New Reading List Item

I think I'm going to order a new book titled "Spacecraft-Environment Interactions" by Daniel Hastings (not me) and Henry Garrett, professors at MIT. It's probably another one of those books I will grow into and refer to throughout college. I might not get much out of it at first, but this book caught my eye because it was written by someone who has my own name!


Diagram of Lowness

Here's a post from last September (I never got around to posting it):

"The other day I was thinking about outer space, how intriguing it is and such. I started to wonder how close I had ever come with one of my rockets to the edge of outer space. The results weren't the most exciting ever.

I figured that the highest flying rocket I have ever built and flown was my supersonic rocket, which supposedly reached an altitude of a little over 4,000 feet. That's about one tenth the ceiling of the troposphere, which is where the commercial jets fly, at about 5-7 miles high. The sad story is that the edge of space is 10 times that altitude, and satellites orbit yet 40-50 miles higher than that! So my altitude versus space's is a depressing ratio of about 1/150 (if I did my math right!).

That's gonna change."

My current project's full potential (High-5) should dash this record by at least 3,000 feet! Every year I'm getting closer and closer to the edge of outer space!


Aerospace Engineering at STEP

I'm all excited, because this next semester I'm going to be taking aerospace engineering via Secondary Technical Education Program. I don't know much yet; all I know is that its major outcomes are:
  • Introduction to aerodynamics design and testing.
  • Flight systems and areospace materials.
  • Space life sciences and astronautics.

And its instructional focus is on: experiments, project testing and field trips.

It sounds right up my alley, and is completely free (considered part of high-school education). I'll post more about it when I get more information.


Full Moon Over the Alps

The moon won't be this large for the rest of the year; it already reached perigee. Somebody was in the right place at the right time, and managed to catch a jet passing in front of this already awesome scene.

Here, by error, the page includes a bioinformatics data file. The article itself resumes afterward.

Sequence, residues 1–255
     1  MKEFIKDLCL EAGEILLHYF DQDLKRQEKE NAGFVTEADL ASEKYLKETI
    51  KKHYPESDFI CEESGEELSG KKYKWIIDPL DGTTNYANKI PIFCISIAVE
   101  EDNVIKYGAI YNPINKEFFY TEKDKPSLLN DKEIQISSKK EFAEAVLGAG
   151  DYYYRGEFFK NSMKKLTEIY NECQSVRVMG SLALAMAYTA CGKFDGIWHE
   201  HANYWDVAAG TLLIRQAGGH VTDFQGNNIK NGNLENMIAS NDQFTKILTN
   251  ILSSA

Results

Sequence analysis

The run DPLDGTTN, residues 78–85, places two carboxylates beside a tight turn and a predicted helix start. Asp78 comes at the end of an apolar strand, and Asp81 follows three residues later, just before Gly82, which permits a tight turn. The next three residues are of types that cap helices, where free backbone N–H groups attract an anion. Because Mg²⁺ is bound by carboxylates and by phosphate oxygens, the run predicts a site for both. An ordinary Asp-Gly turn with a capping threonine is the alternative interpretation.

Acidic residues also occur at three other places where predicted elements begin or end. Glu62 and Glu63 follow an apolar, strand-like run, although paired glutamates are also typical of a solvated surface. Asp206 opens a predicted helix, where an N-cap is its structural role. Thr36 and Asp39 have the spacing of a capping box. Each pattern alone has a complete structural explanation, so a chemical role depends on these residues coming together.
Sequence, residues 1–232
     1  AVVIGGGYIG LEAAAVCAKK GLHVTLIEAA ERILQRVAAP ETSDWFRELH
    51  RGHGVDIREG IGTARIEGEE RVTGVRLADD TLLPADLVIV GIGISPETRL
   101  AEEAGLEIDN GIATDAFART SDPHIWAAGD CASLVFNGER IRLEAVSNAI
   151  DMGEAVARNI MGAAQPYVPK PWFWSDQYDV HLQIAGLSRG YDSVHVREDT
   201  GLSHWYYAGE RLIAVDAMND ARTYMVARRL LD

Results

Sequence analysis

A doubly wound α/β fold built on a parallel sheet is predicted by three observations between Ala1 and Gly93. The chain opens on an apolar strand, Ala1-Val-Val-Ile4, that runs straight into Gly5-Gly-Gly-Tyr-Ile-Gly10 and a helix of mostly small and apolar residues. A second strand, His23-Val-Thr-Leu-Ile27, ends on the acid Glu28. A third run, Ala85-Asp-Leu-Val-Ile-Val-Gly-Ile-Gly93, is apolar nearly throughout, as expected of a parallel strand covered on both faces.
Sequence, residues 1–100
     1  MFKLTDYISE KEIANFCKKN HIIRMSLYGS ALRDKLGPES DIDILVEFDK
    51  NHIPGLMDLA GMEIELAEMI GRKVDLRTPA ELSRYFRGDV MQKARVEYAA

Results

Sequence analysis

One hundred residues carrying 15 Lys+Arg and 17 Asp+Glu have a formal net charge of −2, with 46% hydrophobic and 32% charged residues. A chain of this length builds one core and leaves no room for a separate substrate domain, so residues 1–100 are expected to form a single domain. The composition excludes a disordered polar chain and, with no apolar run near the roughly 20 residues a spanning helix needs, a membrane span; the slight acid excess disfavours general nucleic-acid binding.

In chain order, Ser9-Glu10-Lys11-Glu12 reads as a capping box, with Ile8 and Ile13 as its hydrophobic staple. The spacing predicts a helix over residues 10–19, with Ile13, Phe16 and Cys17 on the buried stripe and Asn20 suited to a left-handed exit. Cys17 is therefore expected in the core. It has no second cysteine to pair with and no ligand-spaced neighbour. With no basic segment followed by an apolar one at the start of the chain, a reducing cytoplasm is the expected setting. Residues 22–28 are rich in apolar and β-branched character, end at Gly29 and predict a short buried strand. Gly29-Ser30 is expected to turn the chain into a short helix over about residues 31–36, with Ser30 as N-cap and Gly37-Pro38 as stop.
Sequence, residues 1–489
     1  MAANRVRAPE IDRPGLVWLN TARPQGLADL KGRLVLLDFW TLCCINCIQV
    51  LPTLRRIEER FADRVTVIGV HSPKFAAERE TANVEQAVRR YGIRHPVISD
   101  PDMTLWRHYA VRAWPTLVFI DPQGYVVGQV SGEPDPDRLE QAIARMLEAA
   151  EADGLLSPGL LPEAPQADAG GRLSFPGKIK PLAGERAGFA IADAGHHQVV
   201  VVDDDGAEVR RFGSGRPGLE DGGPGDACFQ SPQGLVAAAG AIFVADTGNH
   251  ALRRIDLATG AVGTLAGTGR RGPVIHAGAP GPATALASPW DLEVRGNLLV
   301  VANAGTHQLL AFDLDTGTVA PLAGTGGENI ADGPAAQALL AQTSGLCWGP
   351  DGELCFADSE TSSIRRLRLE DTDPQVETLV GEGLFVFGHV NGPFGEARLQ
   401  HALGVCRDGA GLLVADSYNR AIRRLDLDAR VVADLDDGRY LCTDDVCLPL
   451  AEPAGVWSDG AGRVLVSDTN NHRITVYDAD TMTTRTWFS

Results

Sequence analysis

High-5 Taking Shape

The past few days I've been working on my big project, High-5. I'm hoping to get it finished by this summer, and perhaps I'll even be able to get junior level-1 certified on it!
It's a fairly complex design, and employs such gizmos as airstart electronics (already installed) and altimeter-activated parachute charges (which I'm still figuring out). I like to set my goals high, because I have to exert more of myself to attain them, and as a result get stronger. (Like a muscle).


2009 Goals

Aerospace is a complicated subject, as any rocketeer would readily admit. Thus, I have set a few challenging goals for myself this year, to help boost me into the field.

  • Get Junior Level 1 certified for high-power through the NAR.
  • Get a purple ribbon in Aerospace at the MN State Fair (I've already done it once, so it's not so daunting)
  • Prepare for college (I'm hoping to major in aerospace engineering)
  • Start a website and a business for DTH Rocket Endeavors
  • And one more thing... I'm thinking about renaming DTH Rocket Endeavors. It's just my initials! So far, no good names have struck me. Perhaps I should wait a few years and see what direction this "company" takes! (Credit card companies are sending offers to "Dth Rocket Endeavors," so I sort of feel like it's already a real company).


The Sky in Motion

This video is truly incredible. It shows the beauty of Creation and the Wonder of God without the use of a single word. It's an example of the Psalm 19:1 "The heavens declare the glory of God, and the sky above proclaims his handiwork."